It’s Never Too Late to Become an Actor!

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Over 40? Over 50? Over the grind of corporate life with a desire to finally pursue your dream of becoming an actor?

As long as you’re ready to fully commit, a late start doesn’t matter. You simply need the ability to still believe in the make believe shares Rick Zahn, a former fashion industry guru who began his acting career on the wrong side of 50.

Rick Zahn enjoyed a great deal of success in the business world, yet always felt drawn to the idea of acting. In 2003, he took the leap. He changed careers and did more than survive, he thrived! Rick’s long list of acting credits now include major films such as Brooklyn’s Finest and The Senator’s Daughter, plus work on many television shows including 30 Rock, Law & Order, and Always Sunny in Philadelphia.

Here’s Rick’s inspiring story…

Q & A with Rick Zahn

Q: How did you get started with acting later in life?

My mother-in-law owned a modeling school in New Jersey and a friend of hers made infomercials. She asked if I wanted to do one, and I said why not. At the end of the taping, the woman asked if I wanted to do more infomercials. I said yes and I ended up doing 17 of them.

 

Q: Did you have any previous acting experience?

In college. I was a history major in a pre-law program and a friend told me that if I really wanted to meet girls that I should join the drama club. I did, and he was right. That was the only reason I did any acting in college, and it was only a couple of plays.

Q: What made you take the leap to being a full-time actor?

The more I did those infomercials, the more I remembered being on stage in college. You couldn’t see anything beyond the lights. You could hear a giggle or a gasp, but you could not see. I spoke to a professor about it and he said that you are helping them escape. He told me that every time I hear a gasp or giggle that I am pulling them out of their everyday life. I realized how much I enjoyed the process, because it is an escape. You become another character, someone different. You do what we all did as children and we forget as we grow older. You get to play make believe.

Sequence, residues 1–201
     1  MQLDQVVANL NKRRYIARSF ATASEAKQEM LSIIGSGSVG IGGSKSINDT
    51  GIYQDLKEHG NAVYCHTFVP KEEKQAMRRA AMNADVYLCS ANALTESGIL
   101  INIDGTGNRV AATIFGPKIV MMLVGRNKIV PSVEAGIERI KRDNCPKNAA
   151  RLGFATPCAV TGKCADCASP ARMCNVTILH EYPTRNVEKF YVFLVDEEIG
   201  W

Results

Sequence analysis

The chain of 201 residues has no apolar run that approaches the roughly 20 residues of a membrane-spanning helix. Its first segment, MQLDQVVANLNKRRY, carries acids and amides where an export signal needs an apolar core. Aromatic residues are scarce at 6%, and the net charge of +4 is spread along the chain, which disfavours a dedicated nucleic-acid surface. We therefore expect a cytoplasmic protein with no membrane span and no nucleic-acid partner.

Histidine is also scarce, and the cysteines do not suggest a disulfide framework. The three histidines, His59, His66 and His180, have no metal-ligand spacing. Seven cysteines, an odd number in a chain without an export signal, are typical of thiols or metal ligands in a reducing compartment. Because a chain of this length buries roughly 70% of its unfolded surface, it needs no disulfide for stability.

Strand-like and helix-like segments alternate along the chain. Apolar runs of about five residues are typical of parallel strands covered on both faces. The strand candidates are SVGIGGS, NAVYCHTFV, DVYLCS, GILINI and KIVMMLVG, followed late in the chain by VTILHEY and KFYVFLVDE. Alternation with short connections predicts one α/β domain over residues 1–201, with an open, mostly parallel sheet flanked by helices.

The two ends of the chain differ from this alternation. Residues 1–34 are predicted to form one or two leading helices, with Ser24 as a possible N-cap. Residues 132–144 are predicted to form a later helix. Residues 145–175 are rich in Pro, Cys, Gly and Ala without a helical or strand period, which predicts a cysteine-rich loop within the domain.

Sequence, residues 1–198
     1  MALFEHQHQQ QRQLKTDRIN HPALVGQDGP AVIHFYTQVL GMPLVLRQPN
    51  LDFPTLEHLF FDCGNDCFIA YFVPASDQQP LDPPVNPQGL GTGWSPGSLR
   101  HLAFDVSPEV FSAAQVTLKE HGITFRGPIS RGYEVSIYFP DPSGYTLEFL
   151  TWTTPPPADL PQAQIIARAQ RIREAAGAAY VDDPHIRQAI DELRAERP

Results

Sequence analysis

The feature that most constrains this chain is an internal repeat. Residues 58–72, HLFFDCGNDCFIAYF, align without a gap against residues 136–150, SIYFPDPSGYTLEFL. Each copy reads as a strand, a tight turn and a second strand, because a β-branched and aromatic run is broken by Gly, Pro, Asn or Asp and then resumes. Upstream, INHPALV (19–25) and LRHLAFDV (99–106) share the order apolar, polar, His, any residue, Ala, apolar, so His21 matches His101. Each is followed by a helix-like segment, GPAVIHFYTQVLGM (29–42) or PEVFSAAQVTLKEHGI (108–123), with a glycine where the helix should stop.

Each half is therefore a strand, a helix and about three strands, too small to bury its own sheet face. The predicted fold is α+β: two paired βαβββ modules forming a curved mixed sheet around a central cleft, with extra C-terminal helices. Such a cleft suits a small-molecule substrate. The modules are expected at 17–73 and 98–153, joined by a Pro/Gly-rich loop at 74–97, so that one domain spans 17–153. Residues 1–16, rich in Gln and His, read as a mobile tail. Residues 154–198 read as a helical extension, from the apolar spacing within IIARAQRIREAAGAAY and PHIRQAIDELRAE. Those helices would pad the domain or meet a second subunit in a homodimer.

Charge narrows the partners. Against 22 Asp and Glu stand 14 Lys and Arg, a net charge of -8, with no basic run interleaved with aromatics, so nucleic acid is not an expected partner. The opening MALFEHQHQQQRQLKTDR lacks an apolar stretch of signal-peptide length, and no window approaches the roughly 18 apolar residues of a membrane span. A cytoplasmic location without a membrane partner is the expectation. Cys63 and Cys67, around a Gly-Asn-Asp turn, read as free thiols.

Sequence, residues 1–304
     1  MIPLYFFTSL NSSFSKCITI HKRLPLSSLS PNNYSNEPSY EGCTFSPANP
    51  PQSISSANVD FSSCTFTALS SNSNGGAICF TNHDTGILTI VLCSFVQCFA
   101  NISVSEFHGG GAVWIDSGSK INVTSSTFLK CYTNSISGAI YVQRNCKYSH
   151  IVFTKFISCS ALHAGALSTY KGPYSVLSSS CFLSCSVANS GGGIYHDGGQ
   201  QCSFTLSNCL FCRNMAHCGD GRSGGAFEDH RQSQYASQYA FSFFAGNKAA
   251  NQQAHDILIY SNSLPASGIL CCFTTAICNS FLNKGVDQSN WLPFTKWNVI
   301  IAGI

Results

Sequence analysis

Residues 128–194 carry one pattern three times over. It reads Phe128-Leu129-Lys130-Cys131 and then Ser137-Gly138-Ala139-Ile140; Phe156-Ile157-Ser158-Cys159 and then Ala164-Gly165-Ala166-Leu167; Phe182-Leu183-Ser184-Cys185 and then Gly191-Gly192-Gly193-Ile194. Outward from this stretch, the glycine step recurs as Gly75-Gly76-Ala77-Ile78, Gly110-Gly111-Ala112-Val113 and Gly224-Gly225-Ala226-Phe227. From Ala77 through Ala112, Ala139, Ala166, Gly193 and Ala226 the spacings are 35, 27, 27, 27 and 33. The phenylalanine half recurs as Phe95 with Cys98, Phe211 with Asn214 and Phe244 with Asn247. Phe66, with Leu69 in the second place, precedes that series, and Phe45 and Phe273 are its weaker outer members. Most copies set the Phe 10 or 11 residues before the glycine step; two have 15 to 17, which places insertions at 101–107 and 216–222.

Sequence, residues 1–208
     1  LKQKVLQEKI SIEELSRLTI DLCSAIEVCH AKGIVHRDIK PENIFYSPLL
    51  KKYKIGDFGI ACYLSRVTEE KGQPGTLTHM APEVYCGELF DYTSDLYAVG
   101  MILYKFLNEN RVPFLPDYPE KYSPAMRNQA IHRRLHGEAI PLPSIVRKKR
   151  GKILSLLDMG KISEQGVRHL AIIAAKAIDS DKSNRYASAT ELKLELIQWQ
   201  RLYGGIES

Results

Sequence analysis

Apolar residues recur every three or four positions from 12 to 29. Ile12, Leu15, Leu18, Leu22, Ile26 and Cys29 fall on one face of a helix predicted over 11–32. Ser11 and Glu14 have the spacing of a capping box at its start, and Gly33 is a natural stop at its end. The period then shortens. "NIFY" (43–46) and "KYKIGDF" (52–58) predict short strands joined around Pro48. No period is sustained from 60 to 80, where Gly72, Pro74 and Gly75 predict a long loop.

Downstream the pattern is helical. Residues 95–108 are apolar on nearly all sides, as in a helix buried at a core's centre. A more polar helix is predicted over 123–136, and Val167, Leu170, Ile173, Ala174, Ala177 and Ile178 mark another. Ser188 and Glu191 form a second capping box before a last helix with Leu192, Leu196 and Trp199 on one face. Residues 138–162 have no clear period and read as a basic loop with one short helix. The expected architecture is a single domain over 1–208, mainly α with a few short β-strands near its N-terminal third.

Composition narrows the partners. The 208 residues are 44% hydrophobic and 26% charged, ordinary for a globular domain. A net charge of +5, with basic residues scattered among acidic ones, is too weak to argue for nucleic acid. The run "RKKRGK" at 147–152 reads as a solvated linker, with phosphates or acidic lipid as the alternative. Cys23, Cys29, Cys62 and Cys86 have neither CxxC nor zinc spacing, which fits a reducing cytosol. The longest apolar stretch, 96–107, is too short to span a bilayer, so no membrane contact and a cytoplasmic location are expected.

The phrase I have on my website is: Believe in the make believe.

As actors, we get to play as children. We get to play pretend, and there is no more magical time than when we were children and could play pretend.

That feeling stayed with me, and I decided I wanted to pursue it. It was something I had thought about and never had the courage to do. I spoke to my wife about it and she said, Well, you have busted your tail your entire life. Go for it.

That day I walked away from a fat paycheck, and started to become an actor.

 

Q: Did you receive any specific advice that encouraged you?

Most of the people I took classes with used the exact same word. They said that I was very natural. And apparently that is a big deal, being real and natural.

Q: Once you decided to take the leap, what was your next step?

I was smart enough to realize that you don’t just walk in and be an actor – you need an education. So, I started taking classes. I got picked up right away on a freelance basis by Suzy Friedman. She sent me out, and I booked a non-union commercial for Western Pest Control. That was pretty exciting.

I also took a class at TVI with Jonathan Strauss. He is the casting director for Law and Order SVU. At the end of the 8 week class, I asked if this was something that I should stick with because I was the oldest person in the class. And, he said absolutely.

A month later, Jonathan called me in to the office. He gave me a pre-read. He said it was very good, and that he wanted me back at 5:30 to go in front of Ted Kotcheff, Executive Producer who was also the director of that episode. It was the 100th episode, and they cast me in the role. It was my first legit, union job.

Q: You mentioned that you asked for Jonathan Strauss’ feedback, how did you get the courage to speak up and ask for the truth? Is that a confidence that came with age?

Knowing me, I probably would have done the same at any age. I believe that making assumptions is not rewarding. Believing in yourself is rewarding, but making an assumption isn’t. People might blow smoke, they might tell you to keep at it knowing you won’t make it. But affirmation is beneficial. I write a thank you note after every class and workshop I take. And, if I’ve gotten positive feedback from the agent, I will thank them for them affirmation because the affirmation is really beneficial – especially in this business. Too often we don’t hear anything. The last thing we hear is thank you very much, and you never get a phone call or know if you really did a good job. If you book the job, the chances are you had a good audition. But even if you don’t book the job, you probably still did great. There are a myriad of reasons why you don’t get a job. There aren’t a lot of reasons for why you do get a job besides for – you are the one. For getting the job, planets have to line up right. It is your day, if you get the job.

Q: How did you come across NYCastings?